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Weed control by cover crops under organic farming of maize, soybean and potato

Hiroshi Uchino, Kazuto Iwama, Takayoshi Terauchi and Yutaka Jitsuyama

Crop Science Laboratory, Department of Botany and Agronomy, Graduate School of Agriculture, Hokkaido University www.agr.hokudai.ac.jp/botagr/sakumotsu/ Email tyu17@res.agr.hokudai.ac.jp

Abstract

Weeds are one of the major issues in organic farming where herbicides are prohibited. This study was conducted to clarify the effect of cover crops on weed control under uncompetitive condition with main crops (potato, soybean and maize) in organic farming. The experiment was done over two years at Hokkaido University (Sapporo, Japan, 43N, 141E). Ten species of cover crops including hairy vetch (Vicia villosa) as an allelopathic plant were grown without the main crop to compare the weed control ability. Weed dry weight correlated negatively with the covering rate of cover crops, but not with cover crop height. Winter rye (Secale cereale) and hairy vetch that had a higher rate of soil surface covering and lower plant height were the best cover crops to prevent weed growth. These two species were grown in the inter-row space as cover crops. Cover crops were sown a few weeks after the main crops were planted to reduce the competition of growth among crops. Weeds were significantly reduced by cover crops in mixed cropping with maize and soybean, but suppressed without cover crops in potato. Intercepted radiation ratio (IRR) was higher in maize and soybean plots with cover crops. Our results indicate that weeds can be controlled by using late sowing cover crops through increasing IRR.

Media Summary

Weeds can be controlled by using a late sowing cover crop through increasing intercepted radiation ratio (IRR).

Key Words

Weed suppression, environmental conservation agriculture, sustainable agriculture

Introduction

Weed control is one of the most difficult problems in organic farming. The use of cover crops for weed control is an alternative that is less harmful to the environment than pesticides or other chemical practices. Cover crops can suppress weed density by competing for light (Teasdale 1993) and through the production of allelopathic compounds (Kamo et al. 2003). But there are practical limitations to using cover crops for weed control, due to the strong risk of a decrease in growth and yield of main crops (Garibay et al. 1997). It is necessary to clarify the differences of weed control ability among cover crop species and to find a new use of cover crops for preventing the decrease of the main crop yield. This experiment was conducted to study the effect of weed control by the use of cover crops under uncompetitive conditions with main crops.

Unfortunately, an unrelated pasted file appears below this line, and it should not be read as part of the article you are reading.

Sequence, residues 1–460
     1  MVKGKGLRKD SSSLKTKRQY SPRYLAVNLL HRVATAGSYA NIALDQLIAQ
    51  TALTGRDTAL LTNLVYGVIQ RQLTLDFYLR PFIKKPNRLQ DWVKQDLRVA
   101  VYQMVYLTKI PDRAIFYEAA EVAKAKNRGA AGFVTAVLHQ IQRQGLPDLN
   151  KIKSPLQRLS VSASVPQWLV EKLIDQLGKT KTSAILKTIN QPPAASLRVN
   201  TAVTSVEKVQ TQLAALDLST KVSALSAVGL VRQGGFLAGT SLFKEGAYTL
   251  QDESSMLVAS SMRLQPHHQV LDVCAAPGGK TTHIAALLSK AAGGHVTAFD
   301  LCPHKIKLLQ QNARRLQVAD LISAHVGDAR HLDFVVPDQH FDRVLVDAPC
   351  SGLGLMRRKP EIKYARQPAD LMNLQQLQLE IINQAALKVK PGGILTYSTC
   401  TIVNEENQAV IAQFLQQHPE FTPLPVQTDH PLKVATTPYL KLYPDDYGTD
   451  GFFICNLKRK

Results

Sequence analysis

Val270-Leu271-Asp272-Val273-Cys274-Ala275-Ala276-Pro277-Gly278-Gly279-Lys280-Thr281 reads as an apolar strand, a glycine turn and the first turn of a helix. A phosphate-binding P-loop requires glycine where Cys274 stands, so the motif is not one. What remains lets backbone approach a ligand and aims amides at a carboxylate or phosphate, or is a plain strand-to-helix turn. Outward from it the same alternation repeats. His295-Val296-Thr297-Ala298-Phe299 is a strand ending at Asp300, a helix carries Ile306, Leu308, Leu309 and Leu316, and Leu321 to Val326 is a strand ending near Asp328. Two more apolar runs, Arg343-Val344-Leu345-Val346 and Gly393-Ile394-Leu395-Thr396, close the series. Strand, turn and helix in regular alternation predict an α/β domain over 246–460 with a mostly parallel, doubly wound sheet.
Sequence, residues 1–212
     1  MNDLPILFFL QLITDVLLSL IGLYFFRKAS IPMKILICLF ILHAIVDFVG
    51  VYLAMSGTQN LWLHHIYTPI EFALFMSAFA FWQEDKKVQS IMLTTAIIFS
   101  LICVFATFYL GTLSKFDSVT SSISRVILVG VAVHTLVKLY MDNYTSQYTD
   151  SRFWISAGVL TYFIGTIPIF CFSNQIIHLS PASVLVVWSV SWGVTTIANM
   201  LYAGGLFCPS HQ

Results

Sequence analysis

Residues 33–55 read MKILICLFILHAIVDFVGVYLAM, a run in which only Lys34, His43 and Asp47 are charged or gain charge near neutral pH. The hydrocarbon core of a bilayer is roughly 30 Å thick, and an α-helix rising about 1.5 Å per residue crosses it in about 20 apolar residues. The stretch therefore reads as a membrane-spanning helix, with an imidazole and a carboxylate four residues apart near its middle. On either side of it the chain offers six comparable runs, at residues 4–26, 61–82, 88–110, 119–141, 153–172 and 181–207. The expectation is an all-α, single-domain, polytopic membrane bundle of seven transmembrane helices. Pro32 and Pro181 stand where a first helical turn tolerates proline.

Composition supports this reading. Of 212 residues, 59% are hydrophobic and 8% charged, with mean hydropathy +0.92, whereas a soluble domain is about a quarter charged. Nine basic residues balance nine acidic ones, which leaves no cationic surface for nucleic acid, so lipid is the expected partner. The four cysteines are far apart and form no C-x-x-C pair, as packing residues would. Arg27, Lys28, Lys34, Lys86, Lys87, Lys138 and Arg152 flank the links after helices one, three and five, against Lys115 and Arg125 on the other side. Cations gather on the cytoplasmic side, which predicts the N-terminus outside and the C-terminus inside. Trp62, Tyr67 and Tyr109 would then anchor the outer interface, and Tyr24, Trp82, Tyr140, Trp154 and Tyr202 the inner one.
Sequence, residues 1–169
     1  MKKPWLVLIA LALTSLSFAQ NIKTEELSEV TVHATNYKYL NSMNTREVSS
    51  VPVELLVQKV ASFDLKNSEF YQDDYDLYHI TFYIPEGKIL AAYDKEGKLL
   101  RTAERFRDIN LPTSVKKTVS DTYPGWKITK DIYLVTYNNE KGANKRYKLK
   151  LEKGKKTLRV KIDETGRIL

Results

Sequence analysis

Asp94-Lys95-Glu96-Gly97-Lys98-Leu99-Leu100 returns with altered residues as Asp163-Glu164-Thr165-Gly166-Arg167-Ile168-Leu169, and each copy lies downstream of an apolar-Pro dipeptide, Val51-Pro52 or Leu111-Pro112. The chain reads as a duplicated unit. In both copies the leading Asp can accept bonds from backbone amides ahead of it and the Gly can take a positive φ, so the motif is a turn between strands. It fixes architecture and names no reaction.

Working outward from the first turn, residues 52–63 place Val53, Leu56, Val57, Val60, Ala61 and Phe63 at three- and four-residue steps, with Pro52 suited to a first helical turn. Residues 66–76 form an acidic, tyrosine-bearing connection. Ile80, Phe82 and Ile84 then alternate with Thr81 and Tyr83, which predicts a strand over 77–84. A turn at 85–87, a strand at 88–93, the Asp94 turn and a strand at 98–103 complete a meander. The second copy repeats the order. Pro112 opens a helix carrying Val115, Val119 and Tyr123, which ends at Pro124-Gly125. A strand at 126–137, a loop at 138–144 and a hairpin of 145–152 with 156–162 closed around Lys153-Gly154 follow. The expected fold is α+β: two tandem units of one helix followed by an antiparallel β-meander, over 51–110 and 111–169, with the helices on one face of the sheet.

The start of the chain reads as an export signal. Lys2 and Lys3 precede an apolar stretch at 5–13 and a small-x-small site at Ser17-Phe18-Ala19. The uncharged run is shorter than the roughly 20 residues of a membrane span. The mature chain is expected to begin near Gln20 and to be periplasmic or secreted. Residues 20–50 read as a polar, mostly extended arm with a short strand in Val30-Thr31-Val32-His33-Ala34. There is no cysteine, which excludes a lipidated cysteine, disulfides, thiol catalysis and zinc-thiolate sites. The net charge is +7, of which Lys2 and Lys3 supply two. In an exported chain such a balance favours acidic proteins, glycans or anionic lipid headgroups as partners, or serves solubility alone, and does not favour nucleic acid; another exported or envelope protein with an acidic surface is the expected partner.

Methods

Screening test of cover crops

Ten cover crops were used for screening for their weed suppression ability. Dry weight of the weed, coverage of cover crops and plant height of cover crops were measured at 28 days after planting (DAP) and 69 DAP. After omitting weeds from plant community, coverage of cover crops was evaluated by observation and the average of 32 grid (5 cm x 5 cm) of coverage was calculated within 40 cm x 20 cm range.

Mixed cropping test

Potato and soybean were planted at May 4th and May 22nd in 2003, respectively and potato and silage maize were planted at May 6th and May 20th in 2004, respectively as main crops. Four treatments were applied (Table 1). Winter rye and hairy vetch were sown at 38 DAP (potato plot in 2003), 33 DAP (soybean plot), 35 DAP (potato plot in 2004) and 29 DAP (maize plot). Seeding densities of cover crops were 213 grain/m2, 333 grain/m2 and 320 grain/m2 in furrow of potato, soybean and maize, respectively. IRR of the canopy was measured every week by line quantum sensor (LI-191, LI-COR Inc.) and dry weight of main crop, cover crop and weed were recorded at the end of vegetative growth. The experiment was conducted until harvest time.

Results

Screening test (Table 2)

Weeds were suppressed in WR-W, HV(H) and WR-F(H) (abbreviations are shown in Table 2). Higher coverage of cover crops was observed in WR-W and WR-F(H) among gramineae and higher in HV(H) among leguminosae. There are strong correlations between weed dry weight at 69DAP and coverage of cover crops at 28DAP (r=-0.81, P<0.01). Importance of the early coverage is suggested for weed control. Because weeds were not suppressed in HV(L), it is thought that weed control effect of hairy vetch was mainly due to coverage.

Mixed cropping experiment (Table 3)

Potato: Weed dry weight was significantly lower in NC, WR-F and HV that had higher IRR at 64 DAP. A similar result was observed in 2004 (data not shown).

Soybean: Weed dry weight tended to be lower in WR-F and HV that had higher IRR at 61 DAP.

Maize: Weed dry weight tended to be lower in WR-F and HV that had comparatively higher IRR at 61DAP.

These results indicate that cover crops contribute to weed control through increasing IRR.

Conclusion

Our results show that weed can be controlled by using late sowing cover crops, though further experiments are necessary to investigate effects of sowing date of cover crops on ability control weeds and competition between main crops, cover crops and weeds.

References

Garibay SV, Stamp P, Ammon HU and Feil B (1997) Yield and quality components of silage maize in killed and live cover crops. European Journal of Agronomy 6, 179-190

Kamo T, Hiradate S and Fujii Y (2003) First isolation of natural cyanamide as a possible allelochemical from hairy vetch Vicia villosa. Journal of Chemical Ecology 29(2), 273-282

Teasdale JR (1993) Reduced-herbicide weed management systems for no-tillage corn (Zea mays) in hairy vetch (Vicia villosa) cover crop. Weed Technology 7, 879-883

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